This Election, High Stakes for Jersey’s Horse-Breeders

New Jersey will decide in November whether to allow two casinos outside Atlantic City. A vote in favor could rescue the state's horse-breeding business.

Operations assistant Eliseo Medrano tends to the trotting colt Casino King Deo.
Photo by Frank Veronsky

In 2007, Mike Gulotta was a man with 110 acres of Hunterdon County cornfield and a vision: to build New Jersey’s premier standardbred breeding operation and lead harness racing’s renaissance in the state.

The sport had taken a nosedive in recent years. Gulotta, former chief actuary for AT&T, and his partners had just bought the Flemington property for $950,000 in a public auction; it was a steal. He would break ground in early 2008 amid some of the worst economic conditions imaginable.

Gulotta knew the harness-racing industry in New Jersey was in shambles. But where others saw disaster, Gulotta saw opportunity. Besides, he was feeling lucky. He had just retired his champion stallion, Lis Mara, whose winnings totaled more than $2 million. The handsome bay pacer’s breeding syndication shares brought in another $2 million. It was all the capital Gulotta and his partners needed to transform the new property into Deo Volente Farms, a sleek, state-of-the-art breeding operation.

“Lis Mara produced all this cash flow,” says Gulotta. “He built this farm.”

But Gulotta’s hot streak was up against some cold, hard facts. Purse money at the Meadowlands Racetrack and Freehold Raceway, New Jersey’s two standardbred racetracks, had decreased from a high of $75.4 million in 2001 to $68 million in 2008. Only 15 stallions were registered for breeding in the state that year, compared to 30 in 2000, according to the Standardbred Breeders and Owners Association of New Jersey (SBOANJ). The number of mares bred had slipped, too, from 2,274 in 2000 to 1,360 in 2008.

In retrospect, the numbers in 2008 seem rosy. By 2015, purse money had sunk to $32 million, just nine stallions stood for stud, and only 259 mares were bred. These key indicators of industry health look even more anemic when compared to neighboring states. Pennsylvania offered $98.6 million in purses among three tracks in 2015; New York had $116.6 million available among seven tracks. Pennsylvania had 45 stallions up for stud; New York stood 43.

This year, however, Gulotta and his fellow New Jersey breeders have reason for hope, thanks to the casino-gambling referendum that will appear on the state’s November ballot. Voters here will be asked whether they want to see casino gambling expanded outside of Atlantic City, which has had a monopoly on the industry since 1976. The outcome will have significant consequences for the state’s racing industry. (New Jersey has both standardbred, or harness, racing and thoroughbred racing. The thoroughbred industry is smaller, but is experiencing much the same contraction as the standardbred business.)

The proposed constitutional amendment would put two casino licenses up for bid in two different counties; each must be at least 72 miles away from Atlantic City. Bidding is restricted to principal owners in an existing Atlantic City casino for the first 60 days, and bidders must pledge at least $1 billion for the project. Though 50 percent of the tax revenue from the two casinos will go to “the recovery, stabilization, or improvement” of Atlantic City, a small piece of this new revenue—“no less than” 2 percent—will be dedicated to the horse-racing industry.

The amendment is stirring up substantial controversy, as reflected by several media campaigns, pro and con. Most of the opposition comes from interested parties in South Jersey who, despite the potential revenues earmarked for Atlantic City, believe two North Jersey casinos would be bad news for the state’s existing gaming operations.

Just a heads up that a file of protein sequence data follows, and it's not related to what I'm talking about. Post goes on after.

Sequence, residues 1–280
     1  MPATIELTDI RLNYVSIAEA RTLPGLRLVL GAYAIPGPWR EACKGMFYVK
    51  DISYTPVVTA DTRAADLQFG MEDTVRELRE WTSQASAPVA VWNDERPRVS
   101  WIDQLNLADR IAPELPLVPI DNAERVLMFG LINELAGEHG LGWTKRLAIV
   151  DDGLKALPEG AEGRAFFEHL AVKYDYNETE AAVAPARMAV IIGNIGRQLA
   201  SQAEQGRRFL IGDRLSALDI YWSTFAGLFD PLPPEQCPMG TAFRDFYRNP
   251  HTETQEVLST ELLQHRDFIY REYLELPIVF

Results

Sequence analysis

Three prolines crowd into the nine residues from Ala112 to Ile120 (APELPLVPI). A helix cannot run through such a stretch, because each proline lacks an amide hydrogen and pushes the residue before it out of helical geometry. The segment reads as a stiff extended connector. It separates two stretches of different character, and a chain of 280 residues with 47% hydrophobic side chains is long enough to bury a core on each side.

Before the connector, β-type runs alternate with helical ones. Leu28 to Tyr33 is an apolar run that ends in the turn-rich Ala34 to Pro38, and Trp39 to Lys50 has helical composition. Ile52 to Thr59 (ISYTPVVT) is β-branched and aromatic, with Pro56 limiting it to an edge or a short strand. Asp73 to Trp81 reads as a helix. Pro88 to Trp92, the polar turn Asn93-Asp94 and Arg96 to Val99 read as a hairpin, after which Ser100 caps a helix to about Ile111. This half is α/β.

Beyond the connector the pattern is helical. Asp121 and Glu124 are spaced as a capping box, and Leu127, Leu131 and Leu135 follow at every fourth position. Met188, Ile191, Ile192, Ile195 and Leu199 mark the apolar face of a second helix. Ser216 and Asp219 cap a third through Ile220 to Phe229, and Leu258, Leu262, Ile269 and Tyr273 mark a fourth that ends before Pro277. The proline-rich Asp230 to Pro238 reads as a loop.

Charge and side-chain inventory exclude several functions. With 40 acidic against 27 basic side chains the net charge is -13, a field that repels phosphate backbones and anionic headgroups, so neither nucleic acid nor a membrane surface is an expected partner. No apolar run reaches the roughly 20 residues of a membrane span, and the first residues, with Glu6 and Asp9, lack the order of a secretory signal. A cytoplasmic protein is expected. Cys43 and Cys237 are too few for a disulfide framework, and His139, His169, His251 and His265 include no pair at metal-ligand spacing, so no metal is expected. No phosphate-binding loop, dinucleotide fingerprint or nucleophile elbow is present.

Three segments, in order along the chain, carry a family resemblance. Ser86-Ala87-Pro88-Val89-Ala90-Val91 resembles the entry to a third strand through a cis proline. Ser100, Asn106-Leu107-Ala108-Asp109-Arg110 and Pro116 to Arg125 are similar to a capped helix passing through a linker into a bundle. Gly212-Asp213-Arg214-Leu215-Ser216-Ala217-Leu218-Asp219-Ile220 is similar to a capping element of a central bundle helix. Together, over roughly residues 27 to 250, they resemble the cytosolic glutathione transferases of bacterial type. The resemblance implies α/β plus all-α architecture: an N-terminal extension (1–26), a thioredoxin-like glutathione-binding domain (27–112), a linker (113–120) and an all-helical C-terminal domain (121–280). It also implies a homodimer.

But while attention to the amendment is mostly from casino interests, the November vote could also dictate the fate of the state’s racing industry.

Horse 5

Area Gaming Revenue, 2013

“If we don’t get approval in November, it’ll be a disaster,” says industry veteran Anthony Perretti, director of the SBOANJ and owner/operator of Anthony Perretti Farm & Bloodstock in Cream Ridge. “It could be the finish of New Jersey standardbred racing.”

Perretti is the former general manager at Perretti Farms, also in Cream Ridge. The farm—once New Jersey’s largest horse-breeding operation—was founded in 1986 by Perretti’s father, William J. Perretti. At its peak in 2010, the farm had 6 stallions up for stud and 400 horses in all at the end of the birthing season. That ended in 2011, when Perretti sold his broodmares and put the Monmouth County farm up for sale. Shrinking purses and the inability to compete with Pennsylvania and New York breeders, who get tax revenue from their states’ casinos, drove his decision.

“A farmer growing a crop has a certain price point that [he can’t go below] to be economically viable,” says Perretti. “Likewise, raising equine has been extremely difficult, not being able to compete with Pennsylvania and New York.”

The industry’s suffocation by neighboring states has broader consequences for New Jersey’s economy. According to a 2007 Rutgers Equine Science Center study, New Jersey’s equine industry had a $1.1 billion annual economic impact and created 13,000 jobs. Roughly $780 million of that was from thoroughbred and standardbred racing-related operations and racetracks, which generated 7,000 jobs. In addition, the racing industry provided $110 million in federal, state and local taxes each year. The numbers have diminished since the study and would likely go into a steeper decline should the referendum fail.

Meanwhile, racing and gaming in Pennsylvania and New York have flourished. Pennsylvania has opened 12 casinos since 2007, and six of those are “racinos”—a combined casino and racetrack (standardbred or thoroughbred). New York operates 20 casinos, including nine racinos. A majority of the tax revenue allocated to the racing industry in those states supplements purse money. That has been a key factor in drawing top horses away from New Jersey tracks.

New York casinos have a graduated effective tax rate that starts at 60 percent; the racing industry gets 13 percent of the tax revenue. In Pennsylvania, the tax is 55 percent, with 12 percent going to the Pennsylvania Race Horse Development Fund.